In 2011 a Welsh director took the unusual step of taking a foreign language martial arts blend action film into mainstream cinema. That incredible film in question was The Raid : Redemption. Now Gareth Evans brings back the fighting discipline pencak silat and the Indonesian setting of Jakarta for the sequel.
It’s only a year since compelling, gritty Nordic Noir hit Easy Money beached up on our shores, but the sequel – set three years after events in the first movie – is here already. It’s an even more lugubrious affair, but the signature intertwining stories, radical inter-cutting between story strands, multi-cultural characters and down beat tone are all very much in evidence.
Everyone likes The Muppets, right? They’re communists after all (according to Fox News anyway): how can you not doff your cap to dead puppets on leave? Perhaps to reflect the manic and tortured history of international socialism, with all its intrigues, agent provocateurs and tyrannies
Salvo (Grassadonia) is a killing machine, a solitary, cold and ruthless killer for the Sicilian mafia. When he breaks into a house to eliminate someone who has organized a hit on Salvo’s boss, he comes across Rita (Serraiocco), a young blind girl.
The most suitable choice of vehicle for reviewing this bubblegum pop of a movie would be a shiny, suped-up, twin-exhaust, bandwagon. The makers are clearly jumping on a couple of them by bringing this videogame adaptation to the big screen; with Fast and Furious making an annual dent in the worldwide box office receipts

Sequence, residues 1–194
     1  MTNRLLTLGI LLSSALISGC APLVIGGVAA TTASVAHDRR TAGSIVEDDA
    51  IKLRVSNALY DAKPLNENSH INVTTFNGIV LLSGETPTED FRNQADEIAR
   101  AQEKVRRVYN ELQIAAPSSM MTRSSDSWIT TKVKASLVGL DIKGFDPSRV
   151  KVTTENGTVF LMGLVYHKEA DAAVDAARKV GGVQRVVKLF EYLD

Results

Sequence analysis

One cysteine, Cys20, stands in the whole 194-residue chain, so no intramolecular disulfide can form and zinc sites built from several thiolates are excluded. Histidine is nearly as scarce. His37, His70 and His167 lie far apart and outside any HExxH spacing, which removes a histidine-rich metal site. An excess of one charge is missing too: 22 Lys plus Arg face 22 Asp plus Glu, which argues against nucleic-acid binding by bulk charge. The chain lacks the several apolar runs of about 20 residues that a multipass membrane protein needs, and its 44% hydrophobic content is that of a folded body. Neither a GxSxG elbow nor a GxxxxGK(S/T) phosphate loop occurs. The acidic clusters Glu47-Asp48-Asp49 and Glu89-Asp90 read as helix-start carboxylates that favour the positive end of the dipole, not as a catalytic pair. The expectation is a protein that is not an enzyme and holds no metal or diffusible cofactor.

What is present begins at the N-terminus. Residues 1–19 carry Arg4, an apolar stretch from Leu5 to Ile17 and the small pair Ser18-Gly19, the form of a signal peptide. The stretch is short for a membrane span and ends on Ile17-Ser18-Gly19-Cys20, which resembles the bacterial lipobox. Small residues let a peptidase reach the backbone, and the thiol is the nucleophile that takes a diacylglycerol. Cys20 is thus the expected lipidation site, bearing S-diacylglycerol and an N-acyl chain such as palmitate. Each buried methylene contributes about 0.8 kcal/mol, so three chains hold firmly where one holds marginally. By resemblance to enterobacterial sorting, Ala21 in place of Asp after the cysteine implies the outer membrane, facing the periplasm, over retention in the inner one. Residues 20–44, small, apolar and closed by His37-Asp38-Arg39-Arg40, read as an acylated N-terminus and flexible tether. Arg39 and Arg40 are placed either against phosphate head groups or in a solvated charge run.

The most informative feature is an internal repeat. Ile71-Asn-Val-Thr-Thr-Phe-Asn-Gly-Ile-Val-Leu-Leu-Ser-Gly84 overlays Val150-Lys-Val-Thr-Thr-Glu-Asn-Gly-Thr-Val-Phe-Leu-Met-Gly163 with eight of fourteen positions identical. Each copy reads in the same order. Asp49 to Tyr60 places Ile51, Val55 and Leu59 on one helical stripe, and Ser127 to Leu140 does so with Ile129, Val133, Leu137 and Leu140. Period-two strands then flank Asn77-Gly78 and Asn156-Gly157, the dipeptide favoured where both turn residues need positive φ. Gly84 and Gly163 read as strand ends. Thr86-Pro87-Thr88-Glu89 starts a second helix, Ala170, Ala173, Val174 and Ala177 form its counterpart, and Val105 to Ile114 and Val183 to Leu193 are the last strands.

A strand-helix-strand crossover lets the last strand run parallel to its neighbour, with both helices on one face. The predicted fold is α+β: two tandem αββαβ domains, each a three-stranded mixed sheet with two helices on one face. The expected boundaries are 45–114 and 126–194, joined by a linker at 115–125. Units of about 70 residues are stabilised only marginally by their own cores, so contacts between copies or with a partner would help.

Shot on 35 mm film in arduous conditions – much of the film was shot in real snow – this Japanese remake of the Clint Eastwood classic presents the story as a bleak reminder of the price of violence, minimizing the more redemptive aspects of the original. The film has received the Eastwood seal of approval.
Ultra-cool hitman Charlie (Marvin) goes looking for answers – and one million dollars in heist money – after killing ex-racing driver Johnny North (Cassavetes). Charlie and his hairspray obsessed associate Lee (Gulager) track down Johnny's associates one by one and uncover – in flashbacks – a complex web of crime and deceit
Machete travels to San Antonio to meet his handler, beauty pageant queen Blanca (Heard) and is soon across the border again. But there’s a face-changing hitperson on his trail (played by several well-known actors) and in the background an eccentric billionaire arms dealer (Gibson) who sees the future of humanity as an off-planet affair and is prepared to destroy Earth to make it happen.
Early images confirmed Kinnaman looked more man in a black body armour than cyborg. Despite Samuel L. Jackson's (Pat Novak) ranting cameos in various promos, it was also clear that the black humour and brutal dissection of American society was to be thrown out in favour of a more straight-down-the-line interpretation (less gore, more dumb action).
This celebrated precursor of the French New Wave is best seen as an ‘anti-noir’ thriller, with an ironic perspective on the protagonists’ escapades and some sincere exploration of social issues replacing the moody tension you might expect from a film noir. It’s not quite ‘effortlessly cool’ – despite the improvised Miles Davis score as well as iconic shots of Jeanne Moreau – but it’s well worth a watch.